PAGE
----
Foundational Expectations for Partnerships in Research: Building Trust and Inclusion

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What can we learn from PCORI?

Patient-centered research is a cornerstone of equitable healthcare. But how do we ensure that the people who are most affected by these studies are involved meaningfully from the very start? The Patient-Centered Outcomes Research Institute (PCORI) has developed a set of six foundational expectations to guide researchers in building partnerships with patients, caregivers, and other stakeholders. Their ultimate goal is simple yet profound: to transform healthcare research into a truly inclusive, patient-centered process. Let’s delve into how these foundational expectations shape partnerships in clinical research and enhance outcomes.

1. Diversity and Representation

Ensuring research benefits communities starts with representation. PCORI emphasizes including partners, researchers, and stakeholders that truly reflect the diversity of those impacted by a given health issue. The diversity expectation asks key questions like:

  • How well do the research team and partners reflect the communities affected?
  • What steps have been taken to include perspectives historically excluded from research?

2. Early and Ongoing Engagement

Engaging partners early and consistently throughout the project is crucial for impactful research. They recommend involving partners from planning to dissemination to ensure their input informs each phase:

  • How will partners be engaged in shaping the study design and outcomes?
  • How have their contributions shaped the study’s priorities?

3. Dedicated Funds for Engagement and Partner Compensation

Partnerships need resources. PCORI recognizes that equitable engagement requires funding, not just for participation but also for addressing potential barriers. Compensation should reflect partners’ roles and contributions:

  • Does the budget provide fair compensation for partners?
  • Have their preferences shaped the compensation approach?

4. Building Capacity to Work as a Team

Successful research partnerships depend on the ability to work cohesively. PCORI highlights training, resources, and information to help teams thrive:

  • How are partners’ strengths and skills identified and supported?
  • How will barriers to participation be overcome with resources?

5. Meaningful Inclusion in Decision Making

Inclusion is more than a seat at the table. It requires actively sharing power and responsibilities throughout the study:

  • How will decision-making be structured to include all partners?
  • How will structures ensure that partners’ views influence the study?

6. Ongoing Review and Assessment of Engagement

Continuous learning helps partnerships remain strong. Regular assessment allows researchers and partners to identify what’s working and adjust approaches when needed:

  • How will input be gathered to assess engagement effectiveness?
  • Are there processes to address concerns respectfully and improve relationships?

Real-World Examples: Foundational Expectations in Action

Case 1: Building Trust and Relationships A project aiming to involve Spanish-speaking patients initially struggled due to distrust and negative past experiences with research. However, after six months of informal conversations and collaborative planning, clinic leaders agreed to partner. The team built trust by listening, adapting the study to patient needs, and ensuring regular compensation and support. The result was a more relevant study with a high level of patient input in planning, recruitment, and dissemination.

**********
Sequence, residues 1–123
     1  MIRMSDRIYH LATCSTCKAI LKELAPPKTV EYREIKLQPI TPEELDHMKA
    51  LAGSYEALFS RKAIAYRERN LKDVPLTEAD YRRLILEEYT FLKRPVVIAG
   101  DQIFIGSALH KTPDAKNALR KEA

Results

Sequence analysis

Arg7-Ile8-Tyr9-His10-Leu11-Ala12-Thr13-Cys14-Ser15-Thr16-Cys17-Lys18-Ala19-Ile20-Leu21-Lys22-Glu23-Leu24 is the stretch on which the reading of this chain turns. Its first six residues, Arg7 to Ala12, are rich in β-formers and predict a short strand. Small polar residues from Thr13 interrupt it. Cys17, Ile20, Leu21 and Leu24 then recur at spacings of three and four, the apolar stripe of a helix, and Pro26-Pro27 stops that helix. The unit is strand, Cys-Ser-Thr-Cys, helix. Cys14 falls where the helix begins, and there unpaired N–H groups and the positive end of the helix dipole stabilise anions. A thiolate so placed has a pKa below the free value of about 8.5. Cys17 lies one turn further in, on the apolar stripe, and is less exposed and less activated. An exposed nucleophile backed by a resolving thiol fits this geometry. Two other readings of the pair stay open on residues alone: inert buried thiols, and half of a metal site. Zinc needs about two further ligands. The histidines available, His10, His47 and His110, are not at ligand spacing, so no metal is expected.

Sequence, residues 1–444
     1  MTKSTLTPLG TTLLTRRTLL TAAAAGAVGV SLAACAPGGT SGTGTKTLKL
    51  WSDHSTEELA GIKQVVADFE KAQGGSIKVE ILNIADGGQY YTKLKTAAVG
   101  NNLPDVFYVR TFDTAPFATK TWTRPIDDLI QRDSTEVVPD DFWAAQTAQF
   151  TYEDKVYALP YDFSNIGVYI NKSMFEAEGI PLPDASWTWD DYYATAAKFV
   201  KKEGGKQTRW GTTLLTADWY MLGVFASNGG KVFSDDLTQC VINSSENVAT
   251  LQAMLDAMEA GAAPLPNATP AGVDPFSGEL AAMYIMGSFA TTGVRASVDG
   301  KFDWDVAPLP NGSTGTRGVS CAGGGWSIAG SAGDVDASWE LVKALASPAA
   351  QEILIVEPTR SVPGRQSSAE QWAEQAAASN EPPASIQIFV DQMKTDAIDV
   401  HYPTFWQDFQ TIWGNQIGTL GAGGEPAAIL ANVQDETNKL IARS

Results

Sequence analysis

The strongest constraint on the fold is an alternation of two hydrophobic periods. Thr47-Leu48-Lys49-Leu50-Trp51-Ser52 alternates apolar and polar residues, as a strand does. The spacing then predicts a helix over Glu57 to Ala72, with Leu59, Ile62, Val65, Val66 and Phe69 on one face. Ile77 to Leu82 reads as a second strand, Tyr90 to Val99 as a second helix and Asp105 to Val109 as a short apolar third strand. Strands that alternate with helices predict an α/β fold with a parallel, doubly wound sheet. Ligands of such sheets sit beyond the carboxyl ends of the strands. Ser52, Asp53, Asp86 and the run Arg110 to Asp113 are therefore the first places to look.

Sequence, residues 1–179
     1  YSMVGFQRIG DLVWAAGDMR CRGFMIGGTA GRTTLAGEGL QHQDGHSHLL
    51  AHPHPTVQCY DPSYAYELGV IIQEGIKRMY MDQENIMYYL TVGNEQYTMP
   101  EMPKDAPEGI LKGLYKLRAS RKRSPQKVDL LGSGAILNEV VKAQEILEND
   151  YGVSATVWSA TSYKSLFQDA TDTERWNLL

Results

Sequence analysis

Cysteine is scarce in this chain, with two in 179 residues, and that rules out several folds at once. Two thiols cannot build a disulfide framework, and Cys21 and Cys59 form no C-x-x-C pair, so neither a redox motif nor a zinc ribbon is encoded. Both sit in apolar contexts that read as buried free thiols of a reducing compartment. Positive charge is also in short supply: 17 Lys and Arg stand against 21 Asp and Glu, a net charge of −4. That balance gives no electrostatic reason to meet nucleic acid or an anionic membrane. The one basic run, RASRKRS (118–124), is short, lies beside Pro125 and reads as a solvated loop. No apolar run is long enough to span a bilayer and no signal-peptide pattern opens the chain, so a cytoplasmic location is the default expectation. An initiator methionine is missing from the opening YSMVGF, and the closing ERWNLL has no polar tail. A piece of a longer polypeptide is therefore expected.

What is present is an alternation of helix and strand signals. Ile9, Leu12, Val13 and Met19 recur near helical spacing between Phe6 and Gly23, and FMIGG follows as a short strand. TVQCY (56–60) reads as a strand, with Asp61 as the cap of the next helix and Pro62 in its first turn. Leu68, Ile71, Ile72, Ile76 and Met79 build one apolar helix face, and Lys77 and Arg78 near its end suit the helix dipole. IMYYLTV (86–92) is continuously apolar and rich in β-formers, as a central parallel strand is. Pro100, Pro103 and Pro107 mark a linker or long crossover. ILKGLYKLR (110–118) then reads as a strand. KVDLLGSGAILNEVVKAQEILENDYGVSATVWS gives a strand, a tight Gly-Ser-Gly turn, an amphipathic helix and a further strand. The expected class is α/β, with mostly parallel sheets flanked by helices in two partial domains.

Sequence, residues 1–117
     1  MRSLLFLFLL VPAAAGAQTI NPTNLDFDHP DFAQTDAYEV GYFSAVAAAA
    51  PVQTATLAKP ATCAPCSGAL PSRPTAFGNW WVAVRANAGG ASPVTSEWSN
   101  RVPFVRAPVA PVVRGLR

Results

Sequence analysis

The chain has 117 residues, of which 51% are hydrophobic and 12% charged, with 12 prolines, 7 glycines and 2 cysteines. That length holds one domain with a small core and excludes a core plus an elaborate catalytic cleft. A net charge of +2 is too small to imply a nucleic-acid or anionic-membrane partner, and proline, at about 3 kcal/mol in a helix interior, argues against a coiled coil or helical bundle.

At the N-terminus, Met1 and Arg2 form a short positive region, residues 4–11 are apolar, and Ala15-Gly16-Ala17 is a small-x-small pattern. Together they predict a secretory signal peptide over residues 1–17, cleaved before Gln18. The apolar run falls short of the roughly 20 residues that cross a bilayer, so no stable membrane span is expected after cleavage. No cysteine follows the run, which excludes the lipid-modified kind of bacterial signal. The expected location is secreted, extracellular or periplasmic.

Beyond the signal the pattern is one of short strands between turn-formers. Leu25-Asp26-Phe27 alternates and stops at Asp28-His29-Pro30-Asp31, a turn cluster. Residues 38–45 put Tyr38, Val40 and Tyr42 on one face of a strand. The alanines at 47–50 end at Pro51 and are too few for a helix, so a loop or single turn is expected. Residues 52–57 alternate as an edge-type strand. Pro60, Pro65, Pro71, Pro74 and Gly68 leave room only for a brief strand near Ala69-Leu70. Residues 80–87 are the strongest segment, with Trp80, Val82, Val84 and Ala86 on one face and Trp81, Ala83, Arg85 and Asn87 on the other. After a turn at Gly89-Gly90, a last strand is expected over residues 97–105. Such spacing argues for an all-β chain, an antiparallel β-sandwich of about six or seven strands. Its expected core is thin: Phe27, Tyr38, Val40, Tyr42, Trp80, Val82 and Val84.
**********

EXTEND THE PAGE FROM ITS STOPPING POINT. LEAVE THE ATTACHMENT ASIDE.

Case 2: Pivoting to Include Advisors When an advisory group initially felt disconnected from a study, feedback was gathered and the engagement approach was adjusted. This included longer meetings, clearer communication, and opportunities to attend core team meetings. Patient and caregiver partners helped shape recruitment strategies and survey development, resulting in a more inclusive process and higher response rates.

Conclusion

PCORI’s foundational expectations offer a practical roadmap for developing inclusive research partnerships. These principles empower researchers to prioritize inclusion, transparency, and collaboration. In doing so, we create a healthcare research landscape that respects patient voices and ultimately leads to more effective and equitable healthcare outcomes.

Discussion Questions:

  1. How can research teams better identify and address barriers that prevent historically excluded groups from participating in clinical research?
  2. In what ways can patient and community partners influence the design and implementation of health research to better address their communities’ specific needs?

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About the Author

Jon Scaccia, with a Ph.D. in clinical-community psychology and a research fellowship at the US Department of Health and Human Services with expertise in public health systems and quality programs. He specializes in implementing innovative, data-informed strategies to enhance community health and development. Jon helped develop the R=MC² readiness model, which aids organizations in effectively navigating change.

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